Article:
ArtsAutosBooksBusinessEducationEntertainmentFamilyFashionFoodGamesGenderHealthHolidaysHomeHubPagesPersonal FinancePetsPoliticsReligionSportsTechnologyTravel

Sugar: The Bad Stuff in Everything We Eat

Updated on August 5, 2016

What is Sugar?

The sparkly sweet white crystals we tend to love so much is actually known as sucrose. It’s the stuff we add to our hot drinks and foods. This is the product extracted from sugar cane and refined into a crystallized state. But the name ‘Sugar’ is actually a term which labels a range of molecules. This is why we find the names fructose, sucrose, glucose, maltose and lactose in our ‘nutritional value’ charts. They are also categorized as carbohydrates which our body uses as an instant fuel source and can be found in fruits and vegetables along with starches like rice and bread. These molecules are found in most of the foods we eat.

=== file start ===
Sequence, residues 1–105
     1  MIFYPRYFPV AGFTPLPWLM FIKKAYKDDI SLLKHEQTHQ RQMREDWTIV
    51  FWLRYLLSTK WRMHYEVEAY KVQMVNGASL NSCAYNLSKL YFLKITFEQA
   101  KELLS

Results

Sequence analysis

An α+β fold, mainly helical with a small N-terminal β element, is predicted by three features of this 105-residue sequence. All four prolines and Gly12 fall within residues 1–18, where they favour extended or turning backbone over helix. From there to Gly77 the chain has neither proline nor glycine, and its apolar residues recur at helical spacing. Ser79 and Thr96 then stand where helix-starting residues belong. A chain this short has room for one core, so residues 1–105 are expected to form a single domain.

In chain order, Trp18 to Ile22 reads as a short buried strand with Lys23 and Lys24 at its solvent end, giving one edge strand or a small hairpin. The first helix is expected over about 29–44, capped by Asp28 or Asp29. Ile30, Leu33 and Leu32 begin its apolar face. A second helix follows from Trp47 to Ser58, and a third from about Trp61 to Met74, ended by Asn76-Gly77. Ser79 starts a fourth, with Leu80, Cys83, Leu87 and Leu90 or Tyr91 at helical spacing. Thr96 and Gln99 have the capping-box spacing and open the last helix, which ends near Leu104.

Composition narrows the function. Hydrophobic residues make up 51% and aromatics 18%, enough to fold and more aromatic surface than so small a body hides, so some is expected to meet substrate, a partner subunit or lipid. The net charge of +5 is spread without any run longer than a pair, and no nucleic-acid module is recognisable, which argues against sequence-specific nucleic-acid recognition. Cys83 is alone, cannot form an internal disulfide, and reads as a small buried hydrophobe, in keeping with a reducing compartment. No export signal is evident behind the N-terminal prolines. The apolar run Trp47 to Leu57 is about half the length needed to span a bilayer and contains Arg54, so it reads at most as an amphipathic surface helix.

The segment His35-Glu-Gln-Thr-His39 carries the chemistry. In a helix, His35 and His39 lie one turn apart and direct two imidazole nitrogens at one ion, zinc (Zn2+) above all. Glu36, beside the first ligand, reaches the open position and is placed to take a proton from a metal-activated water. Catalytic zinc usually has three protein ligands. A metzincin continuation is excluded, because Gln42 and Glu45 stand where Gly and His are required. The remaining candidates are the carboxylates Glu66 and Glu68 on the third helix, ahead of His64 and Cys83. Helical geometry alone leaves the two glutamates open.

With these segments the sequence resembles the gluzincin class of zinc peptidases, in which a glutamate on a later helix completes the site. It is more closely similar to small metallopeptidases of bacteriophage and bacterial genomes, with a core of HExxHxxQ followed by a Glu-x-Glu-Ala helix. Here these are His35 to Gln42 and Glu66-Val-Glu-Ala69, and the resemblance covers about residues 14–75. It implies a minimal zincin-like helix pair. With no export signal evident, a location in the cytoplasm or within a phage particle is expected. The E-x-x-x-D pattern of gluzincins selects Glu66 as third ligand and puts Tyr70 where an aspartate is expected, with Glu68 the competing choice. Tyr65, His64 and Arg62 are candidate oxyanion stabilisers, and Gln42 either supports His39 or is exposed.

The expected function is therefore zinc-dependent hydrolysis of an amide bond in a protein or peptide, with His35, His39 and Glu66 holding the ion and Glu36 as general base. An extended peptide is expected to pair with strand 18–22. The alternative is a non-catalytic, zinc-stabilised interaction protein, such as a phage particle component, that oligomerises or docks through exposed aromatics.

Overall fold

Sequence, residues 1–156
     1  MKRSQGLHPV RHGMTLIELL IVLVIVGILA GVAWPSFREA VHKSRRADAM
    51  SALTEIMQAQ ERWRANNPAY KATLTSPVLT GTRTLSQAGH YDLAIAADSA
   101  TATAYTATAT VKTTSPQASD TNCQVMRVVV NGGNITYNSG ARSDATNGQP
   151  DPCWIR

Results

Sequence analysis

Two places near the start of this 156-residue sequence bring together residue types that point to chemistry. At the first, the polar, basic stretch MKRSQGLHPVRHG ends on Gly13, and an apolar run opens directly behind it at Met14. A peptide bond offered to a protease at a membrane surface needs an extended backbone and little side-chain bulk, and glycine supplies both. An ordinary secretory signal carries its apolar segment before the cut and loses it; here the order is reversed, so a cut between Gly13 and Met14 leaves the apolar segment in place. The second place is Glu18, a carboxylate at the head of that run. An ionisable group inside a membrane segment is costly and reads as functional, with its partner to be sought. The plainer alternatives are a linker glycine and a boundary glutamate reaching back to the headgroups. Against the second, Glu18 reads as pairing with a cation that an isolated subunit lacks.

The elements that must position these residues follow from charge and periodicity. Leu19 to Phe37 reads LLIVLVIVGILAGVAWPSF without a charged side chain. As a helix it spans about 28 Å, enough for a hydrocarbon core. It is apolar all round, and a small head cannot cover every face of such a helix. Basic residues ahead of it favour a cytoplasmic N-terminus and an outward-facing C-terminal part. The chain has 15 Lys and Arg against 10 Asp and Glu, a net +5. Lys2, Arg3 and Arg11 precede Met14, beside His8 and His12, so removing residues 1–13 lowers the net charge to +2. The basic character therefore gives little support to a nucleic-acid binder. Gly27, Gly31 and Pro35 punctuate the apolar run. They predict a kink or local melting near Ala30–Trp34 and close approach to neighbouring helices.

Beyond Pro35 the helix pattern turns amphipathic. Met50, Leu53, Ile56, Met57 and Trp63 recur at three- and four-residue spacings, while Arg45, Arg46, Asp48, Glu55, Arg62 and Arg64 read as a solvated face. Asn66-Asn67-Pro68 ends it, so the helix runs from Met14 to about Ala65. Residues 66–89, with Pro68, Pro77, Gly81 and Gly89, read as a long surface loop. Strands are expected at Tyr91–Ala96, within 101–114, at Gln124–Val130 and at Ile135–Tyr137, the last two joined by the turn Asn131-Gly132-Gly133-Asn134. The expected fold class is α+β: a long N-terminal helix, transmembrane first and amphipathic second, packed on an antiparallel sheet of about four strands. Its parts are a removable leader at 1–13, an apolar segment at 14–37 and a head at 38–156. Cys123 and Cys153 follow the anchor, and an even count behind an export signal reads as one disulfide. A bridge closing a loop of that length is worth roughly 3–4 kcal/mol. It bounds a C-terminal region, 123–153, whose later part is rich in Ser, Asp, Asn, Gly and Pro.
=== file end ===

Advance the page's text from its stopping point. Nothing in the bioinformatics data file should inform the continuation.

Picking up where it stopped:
Yet today we find that sugar in its refined form can be added to a range of products we eat and drink every day. And the option to add even more of the sweet stuff is available in every café and restaurant.

Sugar in all its forms is in excess in our diets. So much so that in many articles we read concerning sugar, we find that the term addictive and unhealthy is strongly associated.

So… is sugar really that bad for us?

Is it addictive?

And if we stop eating it will we become healthier?

How The Body Uses Sugar

Simply put, sugars (or carbohydrates) are a source of energy for the body. Without it, our bodies would not have the energy to function properly, out brain actually uses glucose in order to function. When we are physically active, our bodies will tap directly into the sugars we have in our blood. Thus when we are not active these nutrients will become stored for later use in the form of fat.